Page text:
Is the “going solo” trend starting to head in another direction? I’m still planning on having a roommate in my next place.
Reactionary as it is, reading the original article is a useful exercise. It emphasizes the women’s dire financial straits, ensuring us that they are normal, monogamous schoolteacher-types who’ve just happened upon bad times — and not, God forbid, the sort of Wiccan lesbian coven that keeps a herd of cats in common. We’re told that they are “really busy,” “hardly ever [at home] at the same time” and that they, “share values in order to make things work.” The single advocate cited makes her argument in language that wouldn’t be out of place in a Family Research Council pamphlet: “Taking the stress off of parents in having to do everything for their kids and not sharing the load is really to me the heart of the American dream.”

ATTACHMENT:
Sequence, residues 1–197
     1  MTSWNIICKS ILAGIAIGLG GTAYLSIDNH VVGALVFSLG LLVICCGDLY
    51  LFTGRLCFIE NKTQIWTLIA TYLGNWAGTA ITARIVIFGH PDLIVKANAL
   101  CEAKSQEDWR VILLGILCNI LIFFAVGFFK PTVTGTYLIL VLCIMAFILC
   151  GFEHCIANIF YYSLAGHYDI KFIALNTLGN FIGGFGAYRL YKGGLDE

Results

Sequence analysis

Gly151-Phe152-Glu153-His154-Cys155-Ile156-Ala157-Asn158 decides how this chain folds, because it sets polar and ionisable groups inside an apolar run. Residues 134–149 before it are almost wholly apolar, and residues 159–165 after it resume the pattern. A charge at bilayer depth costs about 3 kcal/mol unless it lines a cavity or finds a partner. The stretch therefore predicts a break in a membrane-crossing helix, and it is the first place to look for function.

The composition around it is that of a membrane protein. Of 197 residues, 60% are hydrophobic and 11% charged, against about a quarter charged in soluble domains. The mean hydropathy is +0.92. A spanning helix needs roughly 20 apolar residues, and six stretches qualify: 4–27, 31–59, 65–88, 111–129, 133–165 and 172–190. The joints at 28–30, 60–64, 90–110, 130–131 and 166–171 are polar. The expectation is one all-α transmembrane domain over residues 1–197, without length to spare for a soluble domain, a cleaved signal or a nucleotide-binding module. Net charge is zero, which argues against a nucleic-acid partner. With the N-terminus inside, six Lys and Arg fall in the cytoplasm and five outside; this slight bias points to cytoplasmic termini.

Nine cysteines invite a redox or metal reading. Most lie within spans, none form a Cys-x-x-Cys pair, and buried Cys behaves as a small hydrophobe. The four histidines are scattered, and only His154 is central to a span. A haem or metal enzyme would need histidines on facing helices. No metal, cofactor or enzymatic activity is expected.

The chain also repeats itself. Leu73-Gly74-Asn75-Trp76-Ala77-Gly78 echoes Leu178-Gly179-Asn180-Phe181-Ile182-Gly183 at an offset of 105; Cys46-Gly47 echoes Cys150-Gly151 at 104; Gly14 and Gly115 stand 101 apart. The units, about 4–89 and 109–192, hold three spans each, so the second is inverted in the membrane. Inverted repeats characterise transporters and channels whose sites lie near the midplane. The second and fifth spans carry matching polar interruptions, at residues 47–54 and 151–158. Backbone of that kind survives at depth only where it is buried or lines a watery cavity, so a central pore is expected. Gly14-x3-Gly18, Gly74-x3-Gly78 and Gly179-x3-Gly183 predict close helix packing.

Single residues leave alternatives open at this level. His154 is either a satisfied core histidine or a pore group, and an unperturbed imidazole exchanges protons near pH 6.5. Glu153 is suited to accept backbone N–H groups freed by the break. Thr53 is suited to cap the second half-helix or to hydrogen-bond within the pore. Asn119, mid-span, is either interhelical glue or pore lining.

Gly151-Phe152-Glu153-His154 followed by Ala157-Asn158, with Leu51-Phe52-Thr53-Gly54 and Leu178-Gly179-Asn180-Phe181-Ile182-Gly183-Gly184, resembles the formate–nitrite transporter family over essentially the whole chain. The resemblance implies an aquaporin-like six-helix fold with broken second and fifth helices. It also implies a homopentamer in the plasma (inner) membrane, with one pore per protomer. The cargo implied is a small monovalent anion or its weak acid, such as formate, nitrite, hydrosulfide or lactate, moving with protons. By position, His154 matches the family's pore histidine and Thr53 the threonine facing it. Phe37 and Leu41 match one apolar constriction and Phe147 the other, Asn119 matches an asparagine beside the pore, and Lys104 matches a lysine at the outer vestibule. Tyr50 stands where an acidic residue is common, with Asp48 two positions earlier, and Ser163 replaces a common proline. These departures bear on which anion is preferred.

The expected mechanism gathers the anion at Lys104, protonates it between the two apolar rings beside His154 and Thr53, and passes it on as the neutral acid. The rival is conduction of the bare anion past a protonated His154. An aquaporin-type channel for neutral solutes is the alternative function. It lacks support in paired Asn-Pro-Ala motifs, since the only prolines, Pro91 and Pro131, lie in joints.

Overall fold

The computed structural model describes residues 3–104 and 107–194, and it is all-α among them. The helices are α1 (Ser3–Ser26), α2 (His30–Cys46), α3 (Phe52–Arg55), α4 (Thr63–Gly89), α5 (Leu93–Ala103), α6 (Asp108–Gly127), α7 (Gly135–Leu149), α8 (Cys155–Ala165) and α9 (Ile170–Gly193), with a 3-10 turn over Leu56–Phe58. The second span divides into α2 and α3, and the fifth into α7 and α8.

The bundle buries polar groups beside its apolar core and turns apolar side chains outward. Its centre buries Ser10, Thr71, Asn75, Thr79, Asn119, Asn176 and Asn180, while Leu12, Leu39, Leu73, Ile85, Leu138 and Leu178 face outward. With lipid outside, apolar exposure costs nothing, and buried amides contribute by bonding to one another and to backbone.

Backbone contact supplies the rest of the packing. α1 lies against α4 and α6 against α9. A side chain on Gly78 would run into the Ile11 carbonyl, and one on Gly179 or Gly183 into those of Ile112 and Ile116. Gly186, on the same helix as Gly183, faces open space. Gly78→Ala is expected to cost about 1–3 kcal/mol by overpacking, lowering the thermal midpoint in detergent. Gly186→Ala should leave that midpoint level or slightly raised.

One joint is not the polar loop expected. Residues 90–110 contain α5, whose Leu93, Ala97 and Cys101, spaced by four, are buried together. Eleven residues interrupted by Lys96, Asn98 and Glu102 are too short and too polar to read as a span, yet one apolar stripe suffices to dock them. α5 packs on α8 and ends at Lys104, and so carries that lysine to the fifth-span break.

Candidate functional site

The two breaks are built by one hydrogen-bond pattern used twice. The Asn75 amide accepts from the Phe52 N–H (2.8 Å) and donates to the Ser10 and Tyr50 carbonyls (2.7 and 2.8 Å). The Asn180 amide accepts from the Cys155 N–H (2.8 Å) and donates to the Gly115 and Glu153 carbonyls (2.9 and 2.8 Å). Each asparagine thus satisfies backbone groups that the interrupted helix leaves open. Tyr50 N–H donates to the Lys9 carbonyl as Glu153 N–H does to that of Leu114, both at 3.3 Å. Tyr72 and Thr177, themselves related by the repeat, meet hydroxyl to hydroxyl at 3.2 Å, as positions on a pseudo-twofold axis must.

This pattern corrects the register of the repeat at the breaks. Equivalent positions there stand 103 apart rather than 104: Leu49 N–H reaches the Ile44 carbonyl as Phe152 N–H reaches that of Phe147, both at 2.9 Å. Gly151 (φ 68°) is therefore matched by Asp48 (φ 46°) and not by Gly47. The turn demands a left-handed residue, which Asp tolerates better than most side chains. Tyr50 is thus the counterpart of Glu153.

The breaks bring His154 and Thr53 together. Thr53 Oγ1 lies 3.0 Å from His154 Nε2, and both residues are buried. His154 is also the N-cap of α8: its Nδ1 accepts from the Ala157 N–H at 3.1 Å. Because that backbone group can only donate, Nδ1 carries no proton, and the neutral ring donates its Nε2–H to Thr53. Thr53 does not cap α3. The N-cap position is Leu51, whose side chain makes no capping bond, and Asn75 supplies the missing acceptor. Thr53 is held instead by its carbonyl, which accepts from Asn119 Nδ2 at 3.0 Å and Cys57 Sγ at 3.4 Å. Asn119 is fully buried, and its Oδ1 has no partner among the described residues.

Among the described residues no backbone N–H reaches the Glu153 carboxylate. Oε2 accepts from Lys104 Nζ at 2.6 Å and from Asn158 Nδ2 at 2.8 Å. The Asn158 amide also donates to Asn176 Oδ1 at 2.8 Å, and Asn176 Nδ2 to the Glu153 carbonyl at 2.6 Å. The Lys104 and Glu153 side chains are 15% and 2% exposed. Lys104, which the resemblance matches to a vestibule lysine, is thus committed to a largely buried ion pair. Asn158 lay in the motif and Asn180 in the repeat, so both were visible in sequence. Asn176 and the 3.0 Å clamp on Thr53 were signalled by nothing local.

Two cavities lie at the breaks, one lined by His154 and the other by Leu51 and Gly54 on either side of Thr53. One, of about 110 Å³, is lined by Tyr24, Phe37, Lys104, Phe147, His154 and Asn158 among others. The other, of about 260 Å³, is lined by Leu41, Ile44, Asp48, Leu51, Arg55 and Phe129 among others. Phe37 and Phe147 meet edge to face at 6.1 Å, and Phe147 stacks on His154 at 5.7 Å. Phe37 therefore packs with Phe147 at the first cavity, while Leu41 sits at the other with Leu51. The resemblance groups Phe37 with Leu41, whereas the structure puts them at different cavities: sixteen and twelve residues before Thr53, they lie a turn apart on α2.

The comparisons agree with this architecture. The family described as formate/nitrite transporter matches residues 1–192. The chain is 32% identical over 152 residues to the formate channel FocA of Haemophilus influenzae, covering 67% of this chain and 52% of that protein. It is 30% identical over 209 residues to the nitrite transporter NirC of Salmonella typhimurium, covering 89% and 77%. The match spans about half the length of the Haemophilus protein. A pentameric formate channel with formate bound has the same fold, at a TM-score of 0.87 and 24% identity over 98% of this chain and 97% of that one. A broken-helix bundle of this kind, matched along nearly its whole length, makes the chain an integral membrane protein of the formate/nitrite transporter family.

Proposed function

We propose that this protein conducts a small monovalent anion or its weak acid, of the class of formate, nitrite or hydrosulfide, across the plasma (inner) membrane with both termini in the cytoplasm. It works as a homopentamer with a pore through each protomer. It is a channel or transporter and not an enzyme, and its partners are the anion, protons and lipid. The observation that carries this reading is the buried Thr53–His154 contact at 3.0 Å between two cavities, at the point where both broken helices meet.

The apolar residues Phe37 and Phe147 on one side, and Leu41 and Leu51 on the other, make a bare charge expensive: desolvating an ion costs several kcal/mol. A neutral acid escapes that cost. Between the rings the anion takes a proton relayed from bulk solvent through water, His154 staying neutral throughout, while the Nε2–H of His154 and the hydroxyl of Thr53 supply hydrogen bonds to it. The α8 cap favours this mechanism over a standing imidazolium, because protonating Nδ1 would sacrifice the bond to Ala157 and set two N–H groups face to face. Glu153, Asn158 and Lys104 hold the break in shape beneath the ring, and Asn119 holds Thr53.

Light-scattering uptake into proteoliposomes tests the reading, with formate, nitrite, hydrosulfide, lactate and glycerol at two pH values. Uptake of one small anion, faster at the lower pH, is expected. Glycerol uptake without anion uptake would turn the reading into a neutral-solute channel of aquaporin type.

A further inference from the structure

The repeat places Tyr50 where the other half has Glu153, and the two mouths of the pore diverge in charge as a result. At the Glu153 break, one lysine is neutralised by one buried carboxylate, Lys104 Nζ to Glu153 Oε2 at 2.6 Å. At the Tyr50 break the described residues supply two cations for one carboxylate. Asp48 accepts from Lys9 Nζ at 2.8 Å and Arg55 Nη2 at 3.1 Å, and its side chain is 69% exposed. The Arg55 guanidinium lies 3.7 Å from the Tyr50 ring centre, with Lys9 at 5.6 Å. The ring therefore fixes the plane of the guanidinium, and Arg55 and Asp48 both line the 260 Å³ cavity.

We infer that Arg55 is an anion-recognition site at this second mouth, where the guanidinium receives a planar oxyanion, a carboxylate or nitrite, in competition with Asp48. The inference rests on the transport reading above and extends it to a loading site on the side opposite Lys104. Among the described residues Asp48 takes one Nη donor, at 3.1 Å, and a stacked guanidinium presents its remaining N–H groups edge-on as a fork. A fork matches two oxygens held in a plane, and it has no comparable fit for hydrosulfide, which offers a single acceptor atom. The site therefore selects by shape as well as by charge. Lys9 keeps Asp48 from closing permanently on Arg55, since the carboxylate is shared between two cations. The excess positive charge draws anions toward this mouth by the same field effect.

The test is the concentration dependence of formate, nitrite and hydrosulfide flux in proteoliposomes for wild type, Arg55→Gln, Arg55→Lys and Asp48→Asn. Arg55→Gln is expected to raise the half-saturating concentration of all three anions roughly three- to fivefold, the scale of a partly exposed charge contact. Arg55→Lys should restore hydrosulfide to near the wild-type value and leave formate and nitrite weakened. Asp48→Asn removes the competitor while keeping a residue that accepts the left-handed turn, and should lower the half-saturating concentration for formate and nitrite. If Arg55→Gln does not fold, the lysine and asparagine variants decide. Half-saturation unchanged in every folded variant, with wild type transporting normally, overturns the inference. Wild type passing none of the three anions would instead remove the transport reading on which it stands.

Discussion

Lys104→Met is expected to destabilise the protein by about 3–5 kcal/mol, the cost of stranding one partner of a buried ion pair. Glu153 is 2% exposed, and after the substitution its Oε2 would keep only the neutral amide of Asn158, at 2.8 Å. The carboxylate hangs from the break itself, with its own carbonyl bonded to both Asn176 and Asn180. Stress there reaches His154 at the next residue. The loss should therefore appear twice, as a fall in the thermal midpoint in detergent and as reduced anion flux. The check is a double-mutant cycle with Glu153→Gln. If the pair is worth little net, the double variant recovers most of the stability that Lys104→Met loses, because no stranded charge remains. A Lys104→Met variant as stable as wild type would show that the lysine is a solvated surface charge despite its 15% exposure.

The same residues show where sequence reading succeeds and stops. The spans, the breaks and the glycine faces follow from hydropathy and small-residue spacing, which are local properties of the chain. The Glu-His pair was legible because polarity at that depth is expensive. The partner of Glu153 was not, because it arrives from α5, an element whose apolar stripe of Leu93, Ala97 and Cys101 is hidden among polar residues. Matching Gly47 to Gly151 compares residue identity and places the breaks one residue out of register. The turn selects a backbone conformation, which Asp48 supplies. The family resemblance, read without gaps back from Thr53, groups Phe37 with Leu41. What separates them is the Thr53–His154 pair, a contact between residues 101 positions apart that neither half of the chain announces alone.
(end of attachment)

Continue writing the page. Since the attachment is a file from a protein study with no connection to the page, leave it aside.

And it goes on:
As one might expect from a CBS news affiliate, the overall impression is hardly one of imminent social catastrophe,but this is a matter of framing. By emphasizing continuities with nuclear family life, the story undersells the subtle, progressive breaks with traditional home life that become possible in group living. And by focusing on baby boomers making tough domestic choices late in their careers, it eschews a much more interesting and potentially unsettling pattern: young, recession-wracked twenty-somethings, fresh into the labor force, foregoing solitary living completely.